Relatives and friends of an imam who died 50 years ago while opposing racism in South Africa are still traumatised by his death, writes the BBC's Penny Dale.
Two momentous events occurred in Cape Town in South Africa on 29 September 1969.
The first was a huge funeral march - some 40,000 people carried the coffin of Imam Abdullah Haron for about 10km (six miles) to his final resting place in Mowbray Muslim Cemetery.
And at night a rare and massive earthquake shook the earth.
For many who attended the funeral these two events are indelibly connected - they say the death of the pioneering 45-year-old South African imam was so painful and so shocking.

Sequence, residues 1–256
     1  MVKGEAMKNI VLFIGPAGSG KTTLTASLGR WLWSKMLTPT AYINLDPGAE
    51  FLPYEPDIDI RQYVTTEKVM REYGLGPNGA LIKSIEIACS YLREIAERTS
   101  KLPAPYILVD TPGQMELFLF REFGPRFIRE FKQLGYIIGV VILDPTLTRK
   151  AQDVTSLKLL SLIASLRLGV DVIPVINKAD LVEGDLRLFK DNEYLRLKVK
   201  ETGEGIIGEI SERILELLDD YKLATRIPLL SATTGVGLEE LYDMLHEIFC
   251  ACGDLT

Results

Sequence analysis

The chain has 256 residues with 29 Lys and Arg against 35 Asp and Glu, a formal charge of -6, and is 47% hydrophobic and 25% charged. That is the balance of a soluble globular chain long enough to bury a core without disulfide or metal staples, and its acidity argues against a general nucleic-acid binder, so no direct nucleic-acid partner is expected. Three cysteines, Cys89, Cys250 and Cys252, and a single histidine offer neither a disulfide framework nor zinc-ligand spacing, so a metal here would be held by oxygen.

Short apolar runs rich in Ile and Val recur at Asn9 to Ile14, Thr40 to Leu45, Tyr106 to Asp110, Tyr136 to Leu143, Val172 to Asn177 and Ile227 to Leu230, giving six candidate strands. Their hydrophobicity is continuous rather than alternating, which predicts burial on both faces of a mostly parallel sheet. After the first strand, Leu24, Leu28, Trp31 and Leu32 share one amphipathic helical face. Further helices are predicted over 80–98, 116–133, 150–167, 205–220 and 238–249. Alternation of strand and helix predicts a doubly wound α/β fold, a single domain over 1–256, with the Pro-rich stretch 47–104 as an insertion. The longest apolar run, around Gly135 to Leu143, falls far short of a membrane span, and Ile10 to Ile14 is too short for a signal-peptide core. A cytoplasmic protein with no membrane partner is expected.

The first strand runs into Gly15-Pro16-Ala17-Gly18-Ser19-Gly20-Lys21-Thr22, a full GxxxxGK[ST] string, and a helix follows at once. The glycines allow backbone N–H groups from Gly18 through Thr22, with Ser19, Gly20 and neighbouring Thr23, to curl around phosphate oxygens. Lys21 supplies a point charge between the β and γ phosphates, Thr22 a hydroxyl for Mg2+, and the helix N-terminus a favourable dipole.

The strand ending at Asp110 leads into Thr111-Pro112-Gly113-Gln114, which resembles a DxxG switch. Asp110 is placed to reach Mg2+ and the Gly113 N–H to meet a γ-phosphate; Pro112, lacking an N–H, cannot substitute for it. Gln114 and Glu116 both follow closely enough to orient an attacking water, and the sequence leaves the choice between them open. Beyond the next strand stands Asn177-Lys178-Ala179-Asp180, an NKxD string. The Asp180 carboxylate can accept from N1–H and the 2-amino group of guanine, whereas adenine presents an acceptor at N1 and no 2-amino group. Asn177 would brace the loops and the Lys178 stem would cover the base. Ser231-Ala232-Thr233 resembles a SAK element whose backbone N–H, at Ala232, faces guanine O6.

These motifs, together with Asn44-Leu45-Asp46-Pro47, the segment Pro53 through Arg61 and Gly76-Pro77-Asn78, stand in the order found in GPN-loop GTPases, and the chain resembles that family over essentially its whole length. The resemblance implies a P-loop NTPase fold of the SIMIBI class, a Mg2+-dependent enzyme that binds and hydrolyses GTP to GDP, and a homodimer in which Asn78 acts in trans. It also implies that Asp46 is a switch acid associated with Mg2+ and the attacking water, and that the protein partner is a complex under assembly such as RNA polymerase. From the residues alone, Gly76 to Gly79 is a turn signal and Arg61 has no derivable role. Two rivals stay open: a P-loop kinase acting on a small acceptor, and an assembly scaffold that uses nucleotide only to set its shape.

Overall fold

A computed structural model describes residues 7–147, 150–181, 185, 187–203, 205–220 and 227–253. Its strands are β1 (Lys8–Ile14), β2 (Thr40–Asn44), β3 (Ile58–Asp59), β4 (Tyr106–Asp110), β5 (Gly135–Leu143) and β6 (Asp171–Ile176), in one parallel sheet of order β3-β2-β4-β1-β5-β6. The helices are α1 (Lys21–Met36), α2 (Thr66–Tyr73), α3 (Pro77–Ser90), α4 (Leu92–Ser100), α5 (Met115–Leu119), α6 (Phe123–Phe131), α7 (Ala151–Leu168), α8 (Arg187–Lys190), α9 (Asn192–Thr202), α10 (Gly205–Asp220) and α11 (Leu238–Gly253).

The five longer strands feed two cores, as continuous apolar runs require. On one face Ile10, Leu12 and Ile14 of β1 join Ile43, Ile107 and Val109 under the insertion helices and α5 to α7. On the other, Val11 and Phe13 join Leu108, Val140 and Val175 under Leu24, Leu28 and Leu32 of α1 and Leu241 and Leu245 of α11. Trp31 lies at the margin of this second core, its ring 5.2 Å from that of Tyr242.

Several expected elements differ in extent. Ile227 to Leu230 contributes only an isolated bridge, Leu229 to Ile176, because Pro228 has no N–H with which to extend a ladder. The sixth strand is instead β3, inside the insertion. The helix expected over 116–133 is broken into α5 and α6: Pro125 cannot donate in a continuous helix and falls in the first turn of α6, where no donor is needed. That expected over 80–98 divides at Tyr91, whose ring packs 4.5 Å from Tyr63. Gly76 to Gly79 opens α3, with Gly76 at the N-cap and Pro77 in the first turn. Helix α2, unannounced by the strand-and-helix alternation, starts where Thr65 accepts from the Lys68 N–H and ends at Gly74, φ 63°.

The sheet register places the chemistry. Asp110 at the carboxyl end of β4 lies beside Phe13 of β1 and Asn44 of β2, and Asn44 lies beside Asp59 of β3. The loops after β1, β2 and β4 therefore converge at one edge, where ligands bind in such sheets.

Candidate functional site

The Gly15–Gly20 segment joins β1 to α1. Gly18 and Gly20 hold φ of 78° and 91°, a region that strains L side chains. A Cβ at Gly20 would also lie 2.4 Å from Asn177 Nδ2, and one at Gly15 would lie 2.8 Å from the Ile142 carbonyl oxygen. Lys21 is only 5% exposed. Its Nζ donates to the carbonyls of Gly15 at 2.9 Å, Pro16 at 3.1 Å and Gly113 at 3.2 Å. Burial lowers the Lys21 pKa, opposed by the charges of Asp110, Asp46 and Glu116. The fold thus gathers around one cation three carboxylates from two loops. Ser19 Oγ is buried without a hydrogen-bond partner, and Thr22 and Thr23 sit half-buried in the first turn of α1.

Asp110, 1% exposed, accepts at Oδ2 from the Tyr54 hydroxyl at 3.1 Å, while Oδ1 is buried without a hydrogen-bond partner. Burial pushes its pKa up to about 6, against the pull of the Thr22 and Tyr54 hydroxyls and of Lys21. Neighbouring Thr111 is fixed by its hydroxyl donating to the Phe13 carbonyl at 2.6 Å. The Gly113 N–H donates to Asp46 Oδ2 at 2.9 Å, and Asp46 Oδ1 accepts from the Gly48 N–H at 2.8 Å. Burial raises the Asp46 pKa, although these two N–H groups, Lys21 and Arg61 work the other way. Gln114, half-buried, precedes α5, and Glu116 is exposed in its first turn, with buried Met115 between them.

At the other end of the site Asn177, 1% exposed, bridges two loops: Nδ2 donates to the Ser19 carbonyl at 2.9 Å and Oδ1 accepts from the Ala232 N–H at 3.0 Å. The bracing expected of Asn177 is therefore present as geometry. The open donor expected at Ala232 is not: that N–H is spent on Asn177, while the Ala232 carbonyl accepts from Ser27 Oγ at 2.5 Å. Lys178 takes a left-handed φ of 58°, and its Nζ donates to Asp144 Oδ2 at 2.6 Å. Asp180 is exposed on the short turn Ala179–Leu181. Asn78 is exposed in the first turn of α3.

Imam Haron died in a police cell on 27 September, after 123 days of solitary confinement and daily interrogations about his involvement in the struggle against the racist system of apartheid, which ended in 1994 with the election of Nelson Mandela as South Africa's first black president.
Imam Haron was the first cleric of any faith to die in custody under the apartheid regime. His death signalled that even men of God were not safe from an increasingly repressive, white-supremacist state.
The artist named after the imam
His death caused global outrage, and he became the first Muslim to be commemorated at the famous St Paul's Cathedral in London.
The security police said he died after falling down a flight of stairs.